3. Who can practice it?
When I refer to who practices landscaping and gardening, I am referring to who practices gardening and who practices landscaping. Is there a difference? Is it just anyone that practices these two arts, or is it particular people with specific qualifications and backgrounds that get actively involved?
The good news about gardening is that anyone can do it. You can even offer it as a professional service and charge for it without needing a license. This is why I am able to tend to my garden and offer gardening advice to others unhindered.
On the other hand, landscaping is typically not practiced by the average person. Licensed professionals provide services in many states across the USA. Some states require landscapers to have a license, and others don’t. Most people study to become a landscaper because there is a great deal of construction and architecture work involved.
Of course, there is nothing to say that you cannot landscape your own private garden. This is just not the norm as most people who want a landscaped garden will hire a professional company or individual landscaper to carry out the tasks for them.
When I was initially trying to figure out what the differences are between gardening and landscaping, someone mentioned to me that the purpose or intended purpose of each practice is quite different. I found this interesting and highly relevant when making a comparison between the two practices.
This got me thinking about why people garden. The answer can be different for everyone, but I found the most common reasons and purposes included the following:
- for food security,
- to enhance the appeal of the backyard,
- to reduce carbon footprints,
- to give back to nature (provide a home for bugs, insects, and birds),
- for convenience (no need to go to the store),
- to pass the time (as a hobby),
- to quell a fascination with plants,
- for health reasons (to avoid chemicals and GMO products), and
- as a family bonding activity.
All the above reasons are actually why I love to garden as much as I do. Nothing can quite beat the satisfaction of growing, harvesting, and finally eating the fruits and vegetables in your garden – I know this first hand.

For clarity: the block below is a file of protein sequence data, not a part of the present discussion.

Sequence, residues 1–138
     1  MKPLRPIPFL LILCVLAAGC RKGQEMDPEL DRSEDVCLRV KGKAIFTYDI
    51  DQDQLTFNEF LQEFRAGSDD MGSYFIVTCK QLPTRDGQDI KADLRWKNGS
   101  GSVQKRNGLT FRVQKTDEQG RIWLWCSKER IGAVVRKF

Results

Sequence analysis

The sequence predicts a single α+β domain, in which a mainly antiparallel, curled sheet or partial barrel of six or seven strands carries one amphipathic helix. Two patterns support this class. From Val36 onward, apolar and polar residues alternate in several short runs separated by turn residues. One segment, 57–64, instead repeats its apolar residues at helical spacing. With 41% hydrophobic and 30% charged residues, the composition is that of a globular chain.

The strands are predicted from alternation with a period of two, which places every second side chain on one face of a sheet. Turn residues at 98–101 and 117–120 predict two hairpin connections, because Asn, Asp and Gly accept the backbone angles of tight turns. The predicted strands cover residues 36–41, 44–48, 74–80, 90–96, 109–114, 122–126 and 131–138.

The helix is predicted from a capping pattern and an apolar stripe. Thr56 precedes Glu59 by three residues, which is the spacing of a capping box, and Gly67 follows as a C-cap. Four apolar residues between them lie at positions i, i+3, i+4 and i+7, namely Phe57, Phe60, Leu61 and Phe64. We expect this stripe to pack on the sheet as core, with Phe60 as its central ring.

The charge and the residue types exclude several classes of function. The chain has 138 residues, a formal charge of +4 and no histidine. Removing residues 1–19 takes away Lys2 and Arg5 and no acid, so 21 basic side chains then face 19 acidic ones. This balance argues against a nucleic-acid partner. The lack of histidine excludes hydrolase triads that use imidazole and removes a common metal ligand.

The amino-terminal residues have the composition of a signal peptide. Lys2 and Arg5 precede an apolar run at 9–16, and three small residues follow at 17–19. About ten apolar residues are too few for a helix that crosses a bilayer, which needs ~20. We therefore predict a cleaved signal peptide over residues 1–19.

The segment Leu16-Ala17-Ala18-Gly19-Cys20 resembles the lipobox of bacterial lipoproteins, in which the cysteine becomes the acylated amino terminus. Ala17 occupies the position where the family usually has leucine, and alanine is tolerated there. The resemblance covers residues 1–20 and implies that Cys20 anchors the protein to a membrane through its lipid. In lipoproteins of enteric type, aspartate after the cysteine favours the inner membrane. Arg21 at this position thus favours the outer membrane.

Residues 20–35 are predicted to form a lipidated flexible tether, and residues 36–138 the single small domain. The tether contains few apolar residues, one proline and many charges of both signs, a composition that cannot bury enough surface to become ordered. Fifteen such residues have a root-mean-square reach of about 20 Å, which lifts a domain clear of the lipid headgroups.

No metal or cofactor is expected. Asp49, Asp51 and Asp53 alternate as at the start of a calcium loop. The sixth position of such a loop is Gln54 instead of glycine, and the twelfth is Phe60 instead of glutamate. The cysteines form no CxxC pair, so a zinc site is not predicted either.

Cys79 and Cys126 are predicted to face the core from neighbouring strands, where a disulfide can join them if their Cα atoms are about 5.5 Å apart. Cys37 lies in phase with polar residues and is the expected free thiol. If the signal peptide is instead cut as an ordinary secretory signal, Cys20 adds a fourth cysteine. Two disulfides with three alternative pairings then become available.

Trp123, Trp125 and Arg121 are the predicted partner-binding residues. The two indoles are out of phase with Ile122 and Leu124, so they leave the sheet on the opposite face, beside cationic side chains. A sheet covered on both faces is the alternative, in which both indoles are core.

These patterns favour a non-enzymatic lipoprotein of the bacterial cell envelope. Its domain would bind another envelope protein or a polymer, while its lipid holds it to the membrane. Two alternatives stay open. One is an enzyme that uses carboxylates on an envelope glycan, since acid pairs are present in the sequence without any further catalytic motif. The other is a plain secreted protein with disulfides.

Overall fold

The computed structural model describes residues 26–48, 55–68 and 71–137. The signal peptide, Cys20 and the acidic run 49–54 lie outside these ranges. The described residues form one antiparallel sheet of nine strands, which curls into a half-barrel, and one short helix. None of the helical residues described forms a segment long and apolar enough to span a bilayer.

When it comes to the reason and purpose of landscaping, things are quite different. People do landscaping in order to achieve a specific end result. When it comes to the practice of landscaping, the garden space is purpose-built, and it does not include most of the reasons why people garden. People landscape:
- to increase the curb appeal and value of their property,
- to create a functional and appealing space to socialize and relax in, and
- for image or prestige reasons.
5. Skills required.
As a gardener myself, I cannot say that there are no skills required in gardening. I started out with minimal skills in the art, and I have developed many along the way. The fact of the matter is, however, that I did not need to study a course. I found most of my inspiration and information online, and a lot of what I learned was through hands-on experience and, of course, trial and error.
To garden, you need to have the following skills, which are easy to master with time:
- understanding analysis results,
- sunlight tracking,
- seed harvesting and saving,
- propagation techniques,
- watering methods,
- transplanting techniques,
- time management,
- problem-solving, and so on.
When it comes to landscaping, the skills required are more precise than with gardening. As most landscapers have studied a course and have hands-on experience in the professional world, their skills will be more fine-tuned than the average home gardener.
It is safe to say that the skills required for landscaping are extensive; these include:
- ability to draw up garden plans,
- management and organizational skills,
- tool and equipment operating knowledge,
- business skills,
- equipment maintenance and troubleshooting,
- lawn maintenance,
- pest management, and
- precise attention to detail, to name a few.
To me, it is quite obvious that the differences between gardening and landscaping come down to the actual purpose of the practice in the first place. While I would love a beautifully landscaped garden, I have no desire to create one myself. I would rather spend my time collecting seeds, growing plants, and nurturing them. That places me firmly into the category of a gardener and not a landscaper.
Now that you know the differences between gardening and landscaping, which one do you think is for you?